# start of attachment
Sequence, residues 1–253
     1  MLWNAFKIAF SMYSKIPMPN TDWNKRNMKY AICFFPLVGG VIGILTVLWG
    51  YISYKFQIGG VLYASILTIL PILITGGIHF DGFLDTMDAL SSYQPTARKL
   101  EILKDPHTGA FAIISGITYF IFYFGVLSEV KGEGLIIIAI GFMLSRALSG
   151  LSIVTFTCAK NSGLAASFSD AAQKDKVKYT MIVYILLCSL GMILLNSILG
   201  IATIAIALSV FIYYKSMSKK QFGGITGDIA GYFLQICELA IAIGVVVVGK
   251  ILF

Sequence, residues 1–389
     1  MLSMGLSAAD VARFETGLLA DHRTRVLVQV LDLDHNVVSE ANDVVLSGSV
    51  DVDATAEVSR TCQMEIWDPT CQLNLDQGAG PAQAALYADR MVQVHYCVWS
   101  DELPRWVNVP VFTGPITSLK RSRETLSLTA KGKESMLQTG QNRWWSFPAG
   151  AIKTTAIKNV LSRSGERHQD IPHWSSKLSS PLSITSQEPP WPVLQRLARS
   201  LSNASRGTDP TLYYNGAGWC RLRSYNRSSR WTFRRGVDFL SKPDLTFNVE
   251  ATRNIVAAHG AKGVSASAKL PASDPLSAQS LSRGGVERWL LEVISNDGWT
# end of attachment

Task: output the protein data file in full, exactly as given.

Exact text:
Sequence, residues 1–253
     1  MLWNAFKIAF SMYSKIPMPN TDWNKRNMKY AICFFPLVGG VIGILTVLWG
    51  YISYKFQIGG VLYASILTIL PILITGGIHF DGFLDTMDAL SSYQPTARKL
   101  EILKDPHTGA FAIISGITYF IFYFGVLSEV KGEGLIIIAI GFMLSRALSG
   151  LSIVTFTCAK NSGLAASFSD AAQKDKVKYT MIVYILLCSL GMILLNSILG
   201  IATIAIALSV FIYYKSMSKK QFGGITGDIA GYFLQICELA IAIGVVVVGK
   251  ILF

Sequence, residues 1–389
     1  MLSMGLSAAD VARFETGLLA DHRTRVLVQV LDLDHNVVSE ANDVVLSGSV
    51  DVDATAEVSR TCQMEIWDPT CQLNLDQGAG PAQAALYADR MVQVHYCVWS
   101  DELPRWVNVP VFTGPITSLK RSRETLSLTA KGKESMLQTG QNRWWSFPAG
   151  AIKTTAIKNV LSRSGERHQD IPHWSSKLSS PLSITSQEPP WPVLQRLARS
   201  LSNASRGTDP TLYYNGAGWC RLRSYNRSSR WTFRRGVDFL SKPDLTFNVE
   251  ATRNIVAAHG AKGVSASAKL PASDPLSAQS LSRGGVERWL LEVISNDGWT